Amy Coney Barrett’s appointment instantly increased the imbalance on the Supreme Court from 5-4 to 6-3, exactly as the conniving cabal of McConnell and the Federalist Society planned it.
But it isn’t just the inequity that Barrett brings to the bench, her presence there also affects the power dynamic.
When SCOTUS had a 5-4 split, Chief Justice Roberts’ decision often served as the deciding vote in close cases, most notably when he upheld the constitutionality of the Affordable Care Act in 2012. But Barrett’s presence changed all that.
“His vote does not help the liberal wing to form a majority, and it is not needed for the conservative wing to form a majority,” Professor Melissa Murray from NYU School of Law observed during a virtual panel Tuesday. She also noted there’s been “some inclinations from him to either join the majority to shape the way that decisions are written, or perhaps even to join the liberal wing to take a stand about particular decisions.” But that’s poor seconds for a Chief Justice.
The downgrading of Roberts’ vote from the one that most often determined SCOTUS verdicts to just another minority voice is, to put it bluntly, a demotion and a very deliberate one. For a long time now, the right-wing Federalist Society has wanted to subvert Roberts’ power to shape decisions. They abhorred his preparedness to sometimes deliver a majority decision to the liberal justices by siding with them. Barrett’s accelerated advancement was key to stripping Roberts of that power.
As Professors Chemerinsky and Murray made crystal clear, Roberts is no longer the swing vote because there no longer is a swing vote. The power shift has effectively wiped it out completely.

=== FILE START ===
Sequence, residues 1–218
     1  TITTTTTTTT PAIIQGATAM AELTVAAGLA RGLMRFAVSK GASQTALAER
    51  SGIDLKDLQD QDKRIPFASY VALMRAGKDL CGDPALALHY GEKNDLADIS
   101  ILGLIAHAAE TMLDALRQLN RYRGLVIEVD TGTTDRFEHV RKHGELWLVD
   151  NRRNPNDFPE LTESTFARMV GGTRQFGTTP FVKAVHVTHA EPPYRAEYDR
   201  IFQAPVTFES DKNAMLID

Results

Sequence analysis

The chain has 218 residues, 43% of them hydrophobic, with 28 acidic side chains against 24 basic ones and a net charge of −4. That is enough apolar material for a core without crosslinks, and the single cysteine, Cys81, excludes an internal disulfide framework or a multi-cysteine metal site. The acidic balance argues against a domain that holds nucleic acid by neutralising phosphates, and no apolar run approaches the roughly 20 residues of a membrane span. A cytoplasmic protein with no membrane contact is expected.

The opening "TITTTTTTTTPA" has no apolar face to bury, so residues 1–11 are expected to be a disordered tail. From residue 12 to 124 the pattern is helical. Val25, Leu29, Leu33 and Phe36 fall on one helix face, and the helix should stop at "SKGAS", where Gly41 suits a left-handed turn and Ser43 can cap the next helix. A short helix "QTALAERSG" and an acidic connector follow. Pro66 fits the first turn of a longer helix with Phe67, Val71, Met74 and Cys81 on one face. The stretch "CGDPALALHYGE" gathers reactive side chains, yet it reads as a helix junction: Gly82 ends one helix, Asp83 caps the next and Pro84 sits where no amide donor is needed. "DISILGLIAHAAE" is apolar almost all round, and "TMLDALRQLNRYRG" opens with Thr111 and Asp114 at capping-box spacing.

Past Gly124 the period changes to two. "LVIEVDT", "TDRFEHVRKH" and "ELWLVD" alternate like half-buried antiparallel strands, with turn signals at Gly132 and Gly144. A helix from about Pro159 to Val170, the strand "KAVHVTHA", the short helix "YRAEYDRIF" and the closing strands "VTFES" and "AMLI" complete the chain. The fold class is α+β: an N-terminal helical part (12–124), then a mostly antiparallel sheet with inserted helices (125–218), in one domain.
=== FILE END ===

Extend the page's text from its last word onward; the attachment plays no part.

In effect, Barrett is now more powerful than Roberts. Not only the youngest on the bench but also the most extreme of the right-wing justices, her ascent effectively ousted Roberts from the prime position to shape SCOTUS decisions. By deliberating in lockstep with Alito, Thomas, Gorsuch and Kavanaugh, Barrett thus gives the right-wing faction control of all SCOTUS verdicts from here on, without any input from Roberts.
In The National Law Journal report, Erwin Chemerinsky, Dean of UC Berkeley School of Law explains how drastically SCOTUS decisions have already been affected by this change in the power dynamic. Two COVID-19 cases last year illustrate his point.
In the South Bay case and a similar lawsuit challenging restrictions in Nevada, a 5-4 majority, made up of Justices Roberts, Ginsburg, Stephen Breyer, Sonia Sotomayor and Elena Kagan, denied an injunction seeking to bar enforcement of the restrictions.
In November, about a month after Barrett joined the court, the 5-4 majority flipped in Roman Catholic Diocese of Brooklyn v. Cuomo, with Justices Clarence Thomas, Samuel Alito, Neil Gorsuch, Brett Kavanaugh and Barrett ruling in favor of religious groups.
The devastating impact this group can force upon the American populous is precisely what Republicans generally, and the Federalist Society specifically, want to see. Nor will it be long before the results of their underhanded machinations are felt in major cases.
On Monday, the Supreme Court announced that it will review Roe v Wade this fall. In a report headlined “Amy Coney Barrett and Brett Kavanaugh Will Get Their Chance to End Roe v. Wade,” The New Republic reported:
The justices have not heard a direct challenge to Roe since a troika of moderates saved its central holdings in Planned Parenthood v. Casey in 1992.
But the only conservative moderate left on the Supreme Court bench is Chief Justice Roberts and he no longer has the power to make a difference. Thomas, Alito, Gorsuch, Kavanaugh and Barrett will waste no time in demolishing both Roe and Casey, thereby turning the clock back almost 50 years and giving states free rein to legalise or ban abortion as they see fit.
It will be the end of an era — and that’s just the beginning of the retrograde right-wing reforms planned for the near future.